Daryl Skoog, Opportunity’s SVP of technology, develops innovations that improve the lives of our clients.
Recently, I had the chance to join a conference call with the Colorado-based Skoog to learn about the exciting strategies and products he’s working on. Some highlights from the call:
- http://www.opportunity.org/blog/cell-phone-banking-examination/Cell phone banking[/intlink] is one of the most exciting tools to bring microfinance to clients, says Skoog. In Kenya, the M-PESA product, through Vodafone and Safaricom, is reaching an estimated 13 to 14 million customers who use their phones not just for banking but to pay for fuel and food at certain vendors. An estimated 30 to 40% ofhttp://www.opportunity.org/blog/yao-kicks-off-their-chapter-in-washington-d-c-with-guest-speaker-from-kenya/Opportunity Kenya[/intlink] clients have cell phones, and with the service they can efficiently and easily make remittances on their loans, and transfer or receive funds into Opportunity http://www.opportunity.org/our-work/savings/savings accounts[/intlink].
- Even for people who don’t have cell phones, an estimated 95% have SIM cards, and can often borrow or rent a phone in their community to use with a card.
- One obstacle to reaching geographically remote clients with cell phone banking is unreliable access to electricity. So Opportunity is partnering with manufacturers who’ve developed a solid oxide fuel cell that’s affordable and can run on virtually any indigenous, readily available fuel, like palm oil. The cell could go on the market in the next couple years. It generates one kilowatt of power–enough to run a household’s lights and a computer–and produces no noise, heat or fumes.
- Skoog says that one of the most technologically-advanced countries he’s seen ishttp://www.opportunity.org/blog/cell-phone-banking-malawi/Malawi[/intlink]. “They are innovative and they take advantage of programs available to them through organizations like the World Bank.”
- “We’re working on really exciting things,” Skoog says. “Smart cards [cards with biometric technology] have really taken off in Malawi. And now we’re able to switch from smart cards to magnetic stripe cards, like ATM cards in the developed world, which are cheaper but contain the same biometric technology.”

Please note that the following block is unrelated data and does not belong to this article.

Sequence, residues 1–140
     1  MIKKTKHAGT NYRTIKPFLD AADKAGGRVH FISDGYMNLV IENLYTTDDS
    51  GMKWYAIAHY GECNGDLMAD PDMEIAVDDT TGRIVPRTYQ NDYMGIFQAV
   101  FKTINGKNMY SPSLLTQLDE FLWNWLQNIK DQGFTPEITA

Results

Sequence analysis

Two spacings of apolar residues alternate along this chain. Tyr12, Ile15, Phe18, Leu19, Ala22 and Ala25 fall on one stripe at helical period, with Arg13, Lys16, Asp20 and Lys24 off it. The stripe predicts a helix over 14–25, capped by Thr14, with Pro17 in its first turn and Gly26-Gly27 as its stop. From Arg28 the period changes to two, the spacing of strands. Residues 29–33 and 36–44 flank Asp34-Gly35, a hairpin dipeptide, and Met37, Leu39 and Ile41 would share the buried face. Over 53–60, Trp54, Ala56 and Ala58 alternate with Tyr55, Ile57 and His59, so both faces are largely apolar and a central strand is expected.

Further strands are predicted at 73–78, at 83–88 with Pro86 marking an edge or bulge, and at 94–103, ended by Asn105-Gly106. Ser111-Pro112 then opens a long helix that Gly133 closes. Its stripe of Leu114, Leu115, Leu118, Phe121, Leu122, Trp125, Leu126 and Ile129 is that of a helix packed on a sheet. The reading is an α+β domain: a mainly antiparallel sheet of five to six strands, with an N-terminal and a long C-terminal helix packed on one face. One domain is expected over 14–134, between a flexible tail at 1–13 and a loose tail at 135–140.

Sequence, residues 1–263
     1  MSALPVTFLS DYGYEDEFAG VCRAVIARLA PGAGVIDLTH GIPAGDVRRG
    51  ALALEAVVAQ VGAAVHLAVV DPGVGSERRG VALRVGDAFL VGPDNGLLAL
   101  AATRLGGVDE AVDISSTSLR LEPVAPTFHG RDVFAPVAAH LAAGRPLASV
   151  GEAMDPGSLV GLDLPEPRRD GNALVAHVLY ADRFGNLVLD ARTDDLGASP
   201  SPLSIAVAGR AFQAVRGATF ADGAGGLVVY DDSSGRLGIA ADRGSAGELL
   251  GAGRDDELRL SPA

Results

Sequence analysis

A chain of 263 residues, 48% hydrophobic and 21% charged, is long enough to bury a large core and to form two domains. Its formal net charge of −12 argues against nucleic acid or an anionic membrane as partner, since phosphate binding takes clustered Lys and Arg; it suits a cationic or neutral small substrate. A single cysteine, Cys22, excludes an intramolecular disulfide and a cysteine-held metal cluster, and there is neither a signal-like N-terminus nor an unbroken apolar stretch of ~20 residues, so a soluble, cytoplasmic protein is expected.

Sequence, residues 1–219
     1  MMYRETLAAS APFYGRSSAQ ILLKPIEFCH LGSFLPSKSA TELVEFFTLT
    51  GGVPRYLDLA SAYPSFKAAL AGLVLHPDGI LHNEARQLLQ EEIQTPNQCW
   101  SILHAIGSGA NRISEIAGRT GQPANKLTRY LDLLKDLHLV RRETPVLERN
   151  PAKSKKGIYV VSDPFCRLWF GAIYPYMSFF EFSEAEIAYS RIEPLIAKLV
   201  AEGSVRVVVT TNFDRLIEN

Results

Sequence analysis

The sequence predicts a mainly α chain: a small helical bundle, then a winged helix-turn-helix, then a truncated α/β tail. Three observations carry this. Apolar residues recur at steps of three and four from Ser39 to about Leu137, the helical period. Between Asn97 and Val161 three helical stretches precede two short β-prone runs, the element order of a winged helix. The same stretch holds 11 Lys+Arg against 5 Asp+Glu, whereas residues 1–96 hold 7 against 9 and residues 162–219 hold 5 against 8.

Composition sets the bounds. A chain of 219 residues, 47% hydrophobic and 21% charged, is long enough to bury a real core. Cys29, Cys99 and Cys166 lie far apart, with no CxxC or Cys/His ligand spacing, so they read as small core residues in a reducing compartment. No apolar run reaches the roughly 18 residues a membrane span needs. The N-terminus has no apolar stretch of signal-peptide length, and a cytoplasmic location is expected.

- Other ways to reach unreachable clients? “ATMs and mobile banking vehicles are expanding and reaching more people than ever before,” he says. ”Mobile bankshttp://www.opportunity.org/our-work/rural-outreach/access rural areas[/intlink] that don’t have bank branches, and have bank tellers with cash and ATMs on board.” Skoog estimates the return on investment (ROI) for mobile banks is less than one year.
Thinking creatively about http://www.opportunity.org/blog/top-5-posts-about-technology/technology[/intlink] and innovating is key to reaching Opportunity’s most unreachable clients. And technology is changing and expanding every day.
Learn more and explore the tech innovations that help Opportunity fight global poverty at http://www.opportunity.org/opportunity-international-conference/breakout-sessions/breakout session[/intlink] with Daryl Skoog. At Opportunity’s Fall Microfinance Conference, Oct. 8-9 in Washington, D.C., Skoog will share the latest tech news in a session on ”Innovations in Technology.” http://www.opportunity.org/opportunity-international-conference/Click here[/intlink] to see all breakout sessions and learn how you can be a part of the conference.